(MoneyWatch) One of the morals of fairy tales is that children should be wary of old ladies offering apples or candy. We learn from these tales that it's likely the old lady has a hidden agenda behind her "sweet offerings." We also learn from these tales that their lessons can apply to real life.
While investors don't have to fear poison apples, they should be wary of people trying to take advantage of them. One frequent purveyor of bad fruit they should be wary of: broker-dealers. These firms understand that individual investors' lack of knowledge about the bond market makes exploiting them as easy as taking candy from a baby. The following are just two examples of how brokers exploit investors.
Maturity of the bonds they like to sell
Investors need to be aware that the size of the impact of a markup or markdown on the yield of a bond is negatively related to its remaining term to maturity. For example, a bond with a remaining maturity of just one year will see a return impact of one percent for each one point of markup or down. However, the yield impact is reduced as the term to maturity lengthens because the markup will be "amortized" over a longer time frame.
For instance, a bond with a remaining term of just one year is yielding 3 percent and trading at par. A markup of even 1 percent would be very hard to hide, as the yield to maturity would drop a full 1 percent to 2 percent. On the other hand, if the bond had a remaining term of 10 years, the yield to maturity falls to about 2.85 percent. That is a drop in yield of just 0.15 percent. And if the bond had a remaining term of 25 years, the yield to maturity would fall to about 2.93 percent. That is a drop in yield of just 0.07 percent.
In other words, the longer the maturity, the less the impact on yield and the easier it is to hide the markup.
Now imagine a broker wanting to take a markup of four points on the same bond. That would be very hard to do with a bond with just one year remaining to maturity because the yield to maturity would then be negative -- the investor would pay $104 for a bond that in one year returned his $100 in principal and just $3 of interest. On the other hand, the impact on the yield to maturity of a bond with 25 years to maturity would be only about 31 basis points per annum.
I don't think it is hard to guess which maturities brokers push when selling bonds to individual investors. Unfortunately, not only do investors end up paying large transaction fees, but they also ending up taking far more price risk than might be prudent.
Beware the call dates
Another example of how brokers exploit individual investors is by selling them premium (above par, or 100) bonds that have call dates that are much closer than the maturity date. The bonds sell at a premium as a result of their high coupons (the attraction) relative to current market rates. Again, an example will help to illustrate how brokers both take advantage of the opaqueness of pricing, and also exploit an investor's lack of knowledge about bond pricing and the risks of fixed income investing.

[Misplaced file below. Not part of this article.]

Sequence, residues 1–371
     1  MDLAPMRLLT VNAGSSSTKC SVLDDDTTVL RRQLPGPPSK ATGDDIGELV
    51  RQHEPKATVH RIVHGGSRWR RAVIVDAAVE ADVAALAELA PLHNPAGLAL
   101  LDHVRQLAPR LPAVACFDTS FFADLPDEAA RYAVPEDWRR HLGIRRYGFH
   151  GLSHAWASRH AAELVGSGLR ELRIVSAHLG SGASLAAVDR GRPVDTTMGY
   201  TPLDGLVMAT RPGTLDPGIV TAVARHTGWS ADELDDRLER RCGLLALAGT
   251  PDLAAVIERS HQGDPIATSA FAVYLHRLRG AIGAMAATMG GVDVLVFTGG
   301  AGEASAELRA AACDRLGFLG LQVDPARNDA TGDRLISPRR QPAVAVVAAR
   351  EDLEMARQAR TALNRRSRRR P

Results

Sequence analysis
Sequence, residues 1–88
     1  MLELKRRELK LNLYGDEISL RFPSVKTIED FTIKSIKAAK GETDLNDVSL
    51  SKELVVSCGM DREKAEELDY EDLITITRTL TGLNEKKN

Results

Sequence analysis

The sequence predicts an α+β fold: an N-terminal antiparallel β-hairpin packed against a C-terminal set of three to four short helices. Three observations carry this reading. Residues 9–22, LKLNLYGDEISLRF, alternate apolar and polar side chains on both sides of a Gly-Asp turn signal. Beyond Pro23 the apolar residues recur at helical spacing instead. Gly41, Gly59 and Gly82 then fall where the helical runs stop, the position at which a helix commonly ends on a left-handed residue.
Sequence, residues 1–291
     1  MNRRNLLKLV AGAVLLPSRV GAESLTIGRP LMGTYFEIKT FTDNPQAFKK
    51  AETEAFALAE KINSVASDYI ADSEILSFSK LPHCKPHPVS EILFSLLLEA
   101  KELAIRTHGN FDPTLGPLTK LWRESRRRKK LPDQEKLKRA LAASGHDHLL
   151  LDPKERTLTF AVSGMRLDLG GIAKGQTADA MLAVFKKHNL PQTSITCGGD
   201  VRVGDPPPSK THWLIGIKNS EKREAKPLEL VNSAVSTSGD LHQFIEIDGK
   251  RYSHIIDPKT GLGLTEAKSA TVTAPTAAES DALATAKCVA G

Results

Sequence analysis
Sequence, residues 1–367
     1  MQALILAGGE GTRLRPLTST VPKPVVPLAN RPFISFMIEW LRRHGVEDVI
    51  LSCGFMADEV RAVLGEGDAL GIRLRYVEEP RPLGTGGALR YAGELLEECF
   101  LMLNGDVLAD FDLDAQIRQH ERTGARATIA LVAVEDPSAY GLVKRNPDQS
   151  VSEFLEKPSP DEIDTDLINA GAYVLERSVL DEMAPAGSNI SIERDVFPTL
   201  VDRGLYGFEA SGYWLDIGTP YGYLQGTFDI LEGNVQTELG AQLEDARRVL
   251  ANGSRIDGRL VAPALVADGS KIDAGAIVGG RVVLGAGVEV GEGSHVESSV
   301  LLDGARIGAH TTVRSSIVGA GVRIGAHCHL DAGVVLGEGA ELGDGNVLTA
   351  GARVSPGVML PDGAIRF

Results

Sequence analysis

Imagine a bond with a remaining term to maturity of 25 years and carrying a coupon of 6 percent. The current market rate for similar bonds is now 4 percent. The bond has a call date that is only one year away. Despite the relatively high coupon and the long remaining term to maturity, the bond should not be trading much above par because of the nearness of the call date and the high likelihood that the bond will be called by the issuer.
Let's assume the bond is trading at about $102 (because the coupon is 2 percent above current market rates and the investor can expect to receive the higher yield for just one year). Now the broker decides to add a markup of five points and sells the bond to the investor at $107. The broker will tell the investor that the yield-to-maturity is about 5.6 percent, well above current market rates. (Remember from our prior example how long maturities effectively camouflage the size of the markup.)
Unfortunately, the bond will almost certainly be called in one year. Assuming it is called at par, the investor will have earned the coupon of 6 percent and lost seven points in price, producing a net loss of 1 percent. As you can see, the investor was actually sold a bond with a negative expected return! This is not as rare as you might think. But it gets worse. When the bond is called, the broker will call the investor to advise him of the call. The investor now has to reinvest the cash, and the broker gets to play the same game all over again.
A less extreme example would be if the call date was in three years instead of just one. In this case the price of the bond in the wholesale market would be around $106. With the same markup of five points, the bond would be sold to the investor at $111. If the bond is called at $100 in three years, as is likely, then the investor would have earned a return of less than 3 percent (having earned the coupon of 6 percent but also having to amortize the premium of eleven points over just three years).
The above examples illustrate how important it is to be an educated investor. Hopefully, they also have convinced you that while education doesn't have to be expensive, ignorance can be very expensive when you have brokers who don't have their clients' best interests at heart. You deserve your fairy tale ending -- or investment returns -- but with misleading brokers, the results can be grim.
Image courtesy of Taxbrackets.org